As much as I'm whining right now, the weather did break a bit with the evening thunderstorm, and it's supposed to break (to our normal 80s, as you noted) for the week tomorrow night. I'm looking forward to that.

joey said...

Your garden is looking lovely, Kim. I HATE this HOT weather. The garden explodes ... plants appear and disappear too fast and I wilt working to catch ...

Mr. McGregor's Daughter said...

I've whined about the heat too. It was just so sudden that there was no time to adjust. I don't blame Coco for wanting the AC on - it's got to be hot under all that fur. My Borzoi used to hate summer. She'd spend most of it lying on the kitchen floor in front of the AC vent with her tongue hanging out.
I won't even try Ligularia until I get a watering trough to make a bog garden in. The dark foliaged forms are so beautiful.

Anonymous said...

Hi Kim. Found you via Craig and the music meme, which I'm psyched about. I'm new to your blog but really like your style (and car part recycling!). Looking forward to seeing and reading more. We've been out of the country for 5 months and so are scrambling to get the garden in (not to mention getting back to work) so no recent posts from me, but will soon start up the news from the garden in Slaterville Springs.

Anonymous said...

I feel your pain in regard to the heat, Kim. Ugh. Love that Toffee Twist carex and wonder if it would grow here in Austin. I've seen it in the nursery but not in anyone's garden yet. I tend to be conservative about plants until I know they're drought and heat tolerant.

Enjoy that A/C until your weather breaks.

Kylee Baumle said...

This weather has been something else! We had a tornado touch down nearby earlier tonight and of course there was the storm on Friday night that was pretty wild. I swear I saw a tornado. I took a picture because I was coming in from the garden and it was just this wall of dust as high up as you could see, with debris flying all around. S-C-A-R-Y!!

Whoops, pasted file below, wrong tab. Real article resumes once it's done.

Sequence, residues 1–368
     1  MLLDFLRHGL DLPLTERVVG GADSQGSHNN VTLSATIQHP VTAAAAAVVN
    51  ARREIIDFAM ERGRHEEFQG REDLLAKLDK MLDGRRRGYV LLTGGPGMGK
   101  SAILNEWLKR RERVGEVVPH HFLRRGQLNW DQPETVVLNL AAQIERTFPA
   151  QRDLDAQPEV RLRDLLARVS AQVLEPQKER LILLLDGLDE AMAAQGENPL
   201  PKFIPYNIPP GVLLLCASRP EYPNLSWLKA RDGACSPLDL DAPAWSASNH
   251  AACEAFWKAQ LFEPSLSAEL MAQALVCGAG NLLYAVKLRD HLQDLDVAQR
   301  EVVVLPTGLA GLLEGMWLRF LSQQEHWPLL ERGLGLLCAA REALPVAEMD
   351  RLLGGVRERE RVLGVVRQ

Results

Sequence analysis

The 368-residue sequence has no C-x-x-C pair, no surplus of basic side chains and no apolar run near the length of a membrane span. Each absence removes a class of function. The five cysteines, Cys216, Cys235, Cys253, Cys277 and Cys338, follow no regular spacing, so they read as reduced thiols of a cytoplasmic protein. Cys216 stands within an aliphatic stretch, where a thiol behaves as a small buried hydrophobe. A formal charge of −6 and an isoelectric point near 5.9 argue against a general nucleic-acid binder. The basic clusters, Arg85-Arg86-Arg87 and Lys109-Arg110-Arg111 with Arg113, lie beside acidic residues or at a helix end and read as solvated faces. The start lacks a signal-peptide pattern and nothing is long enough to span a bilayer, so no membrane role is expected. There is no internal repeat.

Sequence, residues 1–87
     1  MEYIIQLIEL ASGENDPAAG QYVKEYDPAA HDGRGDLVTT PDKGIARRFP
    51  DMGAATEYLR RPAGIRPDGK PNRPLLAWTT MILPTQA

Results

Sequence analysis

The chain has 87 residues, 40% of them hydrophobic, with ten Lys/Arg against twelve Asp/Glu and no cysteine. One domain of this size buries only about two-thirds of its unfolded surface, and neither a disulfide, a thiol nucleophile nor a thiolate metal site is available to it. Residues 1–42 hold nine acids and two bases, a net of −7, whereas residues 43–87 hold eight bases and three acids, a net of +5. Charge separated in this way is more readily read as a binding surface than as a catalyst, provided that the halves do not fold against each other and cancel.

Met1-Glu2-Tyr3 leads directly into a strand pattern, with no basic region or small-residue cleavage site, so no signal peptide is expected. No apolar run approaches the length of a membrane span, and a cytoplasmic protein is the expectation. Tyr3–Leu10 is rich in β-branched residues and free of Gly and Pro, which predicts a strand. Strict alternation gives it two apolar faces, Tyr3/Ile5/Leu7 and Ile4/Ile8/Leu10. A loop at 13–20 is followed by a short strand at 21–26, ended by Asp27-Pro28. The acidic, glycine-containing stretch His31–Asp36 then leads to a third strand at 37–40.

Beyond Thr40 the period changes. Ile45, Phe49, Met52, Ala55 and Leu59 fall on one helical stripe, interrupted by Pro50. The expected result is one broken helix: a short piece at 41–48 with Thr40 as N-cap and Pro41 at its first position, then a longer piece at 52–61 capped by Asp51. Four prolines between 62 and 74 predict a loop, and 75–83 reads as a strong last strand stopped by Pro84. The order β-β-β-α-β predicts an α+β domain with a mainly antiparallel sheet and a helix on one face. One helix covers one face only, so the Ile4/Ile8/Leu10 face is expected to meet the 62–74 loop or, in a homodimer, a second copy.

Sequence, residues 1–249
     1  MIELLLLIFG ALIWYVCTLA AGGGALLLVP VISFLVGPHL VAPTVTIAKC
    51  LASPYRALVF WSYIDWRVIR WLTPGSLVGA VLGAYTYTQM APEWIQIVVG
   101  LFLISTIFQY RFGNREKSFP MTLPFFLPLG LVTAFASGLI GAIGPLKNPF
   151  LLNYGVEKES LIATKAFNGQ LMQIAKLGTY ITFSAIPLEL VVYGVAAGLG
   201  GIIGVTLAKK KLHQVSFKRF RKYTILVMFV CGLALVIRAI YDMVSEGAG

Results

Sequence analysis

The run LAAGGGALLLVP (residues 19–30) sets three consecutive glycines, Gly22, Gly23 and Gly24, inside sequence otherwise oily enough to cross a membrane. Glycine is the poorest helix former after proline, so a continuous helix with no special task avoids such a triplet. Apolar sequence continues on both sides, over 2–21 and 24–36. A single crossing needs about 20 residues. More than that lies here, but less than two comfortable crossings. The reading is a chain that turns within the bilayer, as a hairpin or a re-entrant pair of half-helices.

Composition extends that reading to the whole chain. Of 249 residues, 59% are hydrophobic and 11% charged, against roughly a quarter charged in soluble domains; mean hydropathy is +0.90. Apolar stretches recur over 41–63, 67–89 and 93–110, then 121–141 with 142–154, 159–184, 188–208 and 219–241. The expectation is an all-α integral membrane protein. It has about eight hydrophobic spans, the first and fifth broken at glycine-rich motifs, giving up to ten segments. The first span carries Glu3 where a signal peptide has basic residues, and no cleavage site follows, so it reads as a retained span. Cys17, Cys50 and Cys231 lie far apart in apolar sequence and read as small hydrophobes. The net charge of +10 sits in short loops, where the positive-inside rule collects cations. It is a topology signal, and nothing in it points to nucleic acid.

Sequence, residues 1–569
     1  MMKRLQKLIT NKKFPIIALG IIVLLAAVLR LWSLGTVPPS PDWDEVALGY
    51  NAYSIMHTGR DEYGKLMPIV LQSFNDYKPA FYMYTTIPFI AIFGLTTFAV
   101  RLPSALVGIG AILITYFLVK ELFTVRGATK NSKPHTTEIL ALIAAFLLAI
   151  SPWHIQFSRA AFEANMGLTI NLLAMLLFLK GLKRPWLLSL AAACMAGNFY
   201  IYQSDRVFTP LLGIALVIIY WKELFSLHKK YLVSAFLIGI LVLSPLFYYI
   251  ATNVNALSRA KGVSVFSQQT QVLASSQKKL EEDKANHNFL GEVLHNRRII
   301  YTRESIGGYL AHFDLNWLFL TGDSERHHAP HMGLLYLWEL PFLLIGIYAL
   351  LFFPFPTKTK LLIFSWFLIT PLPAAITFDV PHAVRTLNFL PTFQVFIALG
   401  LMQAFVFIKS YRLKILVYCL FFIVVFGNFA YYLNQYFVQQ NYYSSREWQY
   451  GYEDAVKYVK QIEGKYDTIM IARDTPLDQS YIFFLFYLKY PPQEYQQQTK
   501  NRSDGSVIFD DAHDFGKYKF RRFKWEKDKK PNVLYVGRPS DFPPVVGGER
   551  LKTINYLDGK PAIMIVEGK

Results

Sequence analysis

I finally found a 'Coppertina' in Ft. Wayne, but it was $40 and I'd already just bought three 'Summer Wine'. I will say though, that it was GORGEOUS. I can't even imagine how that thing will glow in the fall. Maybe if I find a more affordable one, I will get it just because I want one. LOL.

Unknown said...

Joey, I'm waiting for that to happen here, too... with the heat, and the heavy rains from the past two days, it will definitely explode.

Mr. McGregor's Daughter, I know. She's really the one who gets me--HE doesn't have to wear a fur coat, after all! I wish I had your discipline in regards to the ligularia. I knew it would want more water than I could give it, but I couldn't resist.

Lynn, thank you for stopping by and commenting--and leaving me a few compliments to boot! I can't wait to see what you post for the music meme, and also what the garden looks like when you get it in. :)

Pam/Digging I don't know about the heat... but I do know that this isn't hardy in our zone because it can't take the cold winters! I'll let you know about the drought thing, as I plan to only give these planters as much water as the portulaca needs. So, not much!

Kylee, hasn't it been wild? They keep saying that these storms are following the same path as the ones that came before them, hence the repeat problems. That said, since everyone is safe... I can't wait until you post that picture!

Oooh, I kind of forgot about 'Summer Wine' since I was so entranced by 'Coppertina,' but those three are pretty, too. I want one of both! (But I need a bigger lot for that, lol.)

chuck b. said...

That's some dramatic droop! Having lived in Hotlanta for two years, you and your plants have my sincere sympathies about the heat.

I like what you did with the rotors! That would be fun to riff on with other metal circles and stuff.

lisa said...

You always surprise me with your re-purposing! I never would have thought to use brake rotors like that, but they look great! I like that 'Cape Blanco' sedum...gotta get me some of that!

Anonymous said...

I am very pleased to read your blog all the post are interesting and the images of the plants and the garden are so attractive.
Most of the time while visiting your blog I spent on wathching marvelous images of flowers and gardens.